A young couple was killed in Lucas County in 2011. Someone’s serving two life sentences for the murders.
Genetic genealogist Cece Moore thinks she can help put the case to rest.
The convicted murderer maintains his innocence, even though his DNA was found on a cigarette at the crime scene. Moore believes two more sources of DNA can shed light on what truly happened: on duct tape and a cell phone.
Moore’s process is the same that unearthed the Golden State Killer decades after his murders. In essence, she matches the DNA sample to distant relatives and works back to possible suspects.
Turning this into a story, what if a genetic genealogist working on a case gets more than she bargained for—the killer starts coming after her?
Part of the story is that the genetic genealogist isn’t some faraway scientist running tests on DNA; instead, they’re at the crime scene, looking for genetic material. They’re part of the forensic unit, brought in as a specialist for particularly heinous crimes.
We meet the protagonist at a crime scene in Miami. There are no discernible leads and minimal chances for DNA recovery. The first parts of the story are highlighting the difficulty of finding any genetic material at all.
An essential part of the process is research into cold cases. The genetic genealogist searches through similar circumstances, expanding her geographical reach while navigating personal interactions with local police, who don’t want her there.
A second murder elsewhere in the state expands the cold case volume. There’s still no genetic material. While the rest of the police pack up after the crime scene examination, the protagonist stays an extra night at a local bed and breakfast. There, the owner talks about a similar case they remember from decades before.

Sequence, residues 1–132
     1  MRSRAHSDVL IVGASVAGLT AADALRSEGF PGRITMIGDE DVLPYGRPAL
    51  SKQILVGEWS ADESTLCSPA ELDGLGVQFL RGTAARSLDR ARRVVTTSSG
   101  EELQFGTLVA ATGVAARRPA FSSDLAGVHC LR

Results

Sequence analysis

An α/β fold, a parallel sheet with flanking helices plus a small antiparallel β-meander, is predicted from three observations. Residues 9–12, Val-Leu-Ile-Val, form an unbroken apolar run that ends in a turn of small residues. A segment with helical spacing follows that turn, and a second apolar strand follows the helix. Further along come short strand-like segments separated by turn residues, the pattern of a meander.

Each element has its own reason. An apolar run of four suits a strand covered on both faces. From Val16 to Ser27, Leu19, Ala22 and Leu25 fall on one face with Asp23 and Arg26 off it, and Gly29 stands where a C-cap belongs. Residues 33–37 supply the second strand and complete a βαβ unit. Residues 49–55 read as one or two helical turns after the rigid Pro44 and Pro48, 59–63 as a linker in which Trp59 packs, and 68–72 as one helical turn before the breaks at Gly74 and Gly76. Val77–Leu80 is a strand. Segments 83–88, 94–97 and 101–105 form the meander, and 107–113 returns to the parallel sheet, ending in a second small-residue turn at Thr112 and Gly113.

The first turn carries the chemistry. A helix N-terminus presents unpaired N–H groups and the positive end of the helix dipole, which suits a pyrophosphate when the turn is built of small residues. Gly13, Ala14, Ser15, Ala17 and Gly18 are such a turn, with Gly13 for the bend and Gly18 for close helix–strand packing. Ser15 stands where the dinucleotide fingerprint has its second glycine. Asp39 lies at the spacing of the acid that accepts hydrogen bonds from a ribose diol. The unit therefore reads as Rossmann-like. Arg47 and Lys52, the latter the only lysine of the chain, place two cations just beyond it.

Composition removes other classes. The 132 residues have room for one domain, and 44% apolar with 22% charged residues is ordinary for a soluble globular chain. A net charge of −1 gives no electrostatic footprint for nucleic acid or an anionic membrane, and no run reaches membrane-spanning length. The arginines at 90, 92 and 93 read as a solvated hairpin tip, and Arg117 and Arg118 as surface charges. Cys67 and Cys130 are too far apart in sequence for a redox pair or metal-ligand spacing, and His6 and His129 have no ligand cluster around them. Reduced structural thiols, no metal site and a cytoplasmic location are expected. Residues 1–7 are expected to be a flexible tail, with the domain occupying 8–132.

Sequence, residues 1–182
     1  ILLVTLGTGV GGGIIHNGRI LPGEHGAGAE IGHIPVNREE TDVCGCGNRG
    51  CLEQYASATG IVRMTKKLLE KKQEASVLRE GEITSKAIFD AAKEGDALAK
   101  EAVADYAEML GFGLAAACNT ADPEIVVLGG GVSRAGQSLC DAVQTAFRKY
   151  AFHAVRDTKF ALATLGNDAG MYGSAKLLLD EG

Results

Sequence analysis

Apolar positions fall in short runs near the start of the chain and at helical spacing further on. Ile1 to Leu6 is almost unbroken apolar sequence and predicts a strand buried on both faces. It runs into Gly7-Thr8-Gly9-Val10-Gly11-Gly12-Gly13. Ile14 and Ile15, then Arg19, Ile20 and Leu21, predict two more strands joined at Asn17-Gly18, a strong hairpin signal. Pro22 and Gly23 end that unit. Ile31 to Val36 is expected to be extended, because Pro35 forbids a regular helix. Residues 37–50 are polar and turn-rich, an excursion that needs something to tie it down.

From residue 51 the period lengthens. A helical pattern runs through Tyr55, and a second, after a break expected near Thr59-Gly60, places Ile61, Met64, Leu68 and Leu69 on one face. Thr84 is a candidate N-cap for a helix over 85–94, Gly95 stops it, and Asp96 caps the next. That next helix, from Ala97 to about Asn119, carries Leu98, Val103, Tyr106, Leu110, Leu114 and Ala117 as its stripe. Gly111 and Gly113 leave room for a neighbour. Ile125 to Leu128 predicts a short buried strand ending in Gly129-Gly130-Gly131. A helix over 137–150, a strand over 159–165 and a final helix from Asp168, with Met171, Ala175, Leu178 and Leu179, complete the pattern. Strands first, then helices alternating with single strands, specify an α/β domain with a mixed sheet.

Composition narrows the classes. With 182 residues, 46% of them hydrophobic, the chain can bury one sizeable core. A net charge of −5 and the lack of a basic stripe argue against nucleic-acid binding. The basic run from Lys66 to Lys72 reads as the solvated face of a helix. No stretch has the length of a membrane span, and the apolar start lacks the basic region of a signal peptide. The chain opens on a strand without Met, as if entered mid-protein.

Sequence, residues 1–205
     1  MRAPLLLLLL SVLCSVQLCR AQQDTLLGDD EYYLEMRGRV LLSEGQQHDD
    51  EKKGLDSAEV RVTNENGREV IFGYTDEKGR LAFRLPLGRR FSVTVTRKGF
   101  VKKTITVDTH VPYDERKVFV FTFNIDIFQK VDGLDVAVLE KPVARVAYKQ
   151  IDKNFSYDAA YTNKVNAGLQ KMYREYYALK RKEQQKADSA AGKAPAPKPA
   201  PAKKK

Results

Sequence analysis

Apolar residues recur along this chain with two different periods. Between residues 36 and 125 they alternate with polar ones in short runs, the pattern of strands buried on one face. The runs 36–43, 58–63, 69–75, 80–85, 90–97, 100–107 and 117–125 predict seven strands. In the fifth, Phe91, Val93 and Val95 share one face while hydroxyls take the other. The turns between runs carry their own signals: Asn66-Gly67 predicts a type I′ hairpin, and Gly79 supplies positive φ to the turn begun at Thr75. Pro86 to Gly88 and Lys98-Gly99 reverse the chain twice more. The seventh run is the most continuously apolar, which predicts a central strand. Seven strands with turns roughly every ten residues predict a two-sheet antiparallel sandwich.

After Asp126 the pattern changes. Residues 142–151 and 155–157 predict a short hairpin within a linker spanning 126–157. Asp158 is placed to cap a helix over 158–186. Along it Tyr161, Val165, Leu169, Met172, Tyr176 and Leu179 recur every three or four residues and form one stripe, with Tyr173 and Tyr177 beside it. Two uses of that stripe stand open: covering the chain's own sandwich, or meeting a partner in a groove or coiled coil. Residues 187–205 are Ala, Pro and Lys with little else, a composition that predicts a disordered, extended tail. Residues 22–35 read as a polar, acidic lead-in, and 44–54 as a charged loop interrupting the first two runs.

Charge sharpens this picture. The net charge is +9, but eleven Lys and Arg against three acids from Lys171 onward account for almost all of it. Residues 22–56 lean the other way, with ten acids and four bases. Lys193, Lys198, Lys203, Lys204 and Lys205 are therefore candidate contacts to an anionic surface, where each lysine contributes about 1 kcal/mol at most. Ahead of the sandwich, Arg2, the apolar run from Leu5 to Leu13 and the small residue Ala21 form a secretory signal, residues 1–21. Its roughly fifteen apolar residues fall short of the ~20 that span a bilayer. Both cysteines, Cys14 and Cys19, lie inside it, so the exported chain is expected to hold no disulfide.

The genealogist looks up the case, then has to hunt down the collected evidence. In the meantime, she becomes aware she’s being followed, culminating in a nighttime attack that she survives using pepper spray (or a display of fighting ability).
After finding the cold case evidence and running the required DNA tests, the genealogist determines one man, living off the grid, is their prime suspect because of the similarity to the recent crimes.
Then, there’s another murder, again without DNA. Turns out, she solved a cold case but didn’t end the current spree.
She tests DNA from the scuffle, determining that the man who attacked her is the arrested man’s child. He has no idea about the kid and doesn’t know who the mother could be. After tracing the DNA through further connections, she narrows it down to a young man born nearby the first killing.
The problem? Nobody knows where he is.
The genealogist’s work done, she goes away for a mini-vacation in a nearby bed and breakfast, where she’s attacked by the murderer. She incapacitates them and waits for the police’s arrival.
Further books in the series play on similar tropes—searching cold case files, finding DNA samples, and navigating the relationship with local police.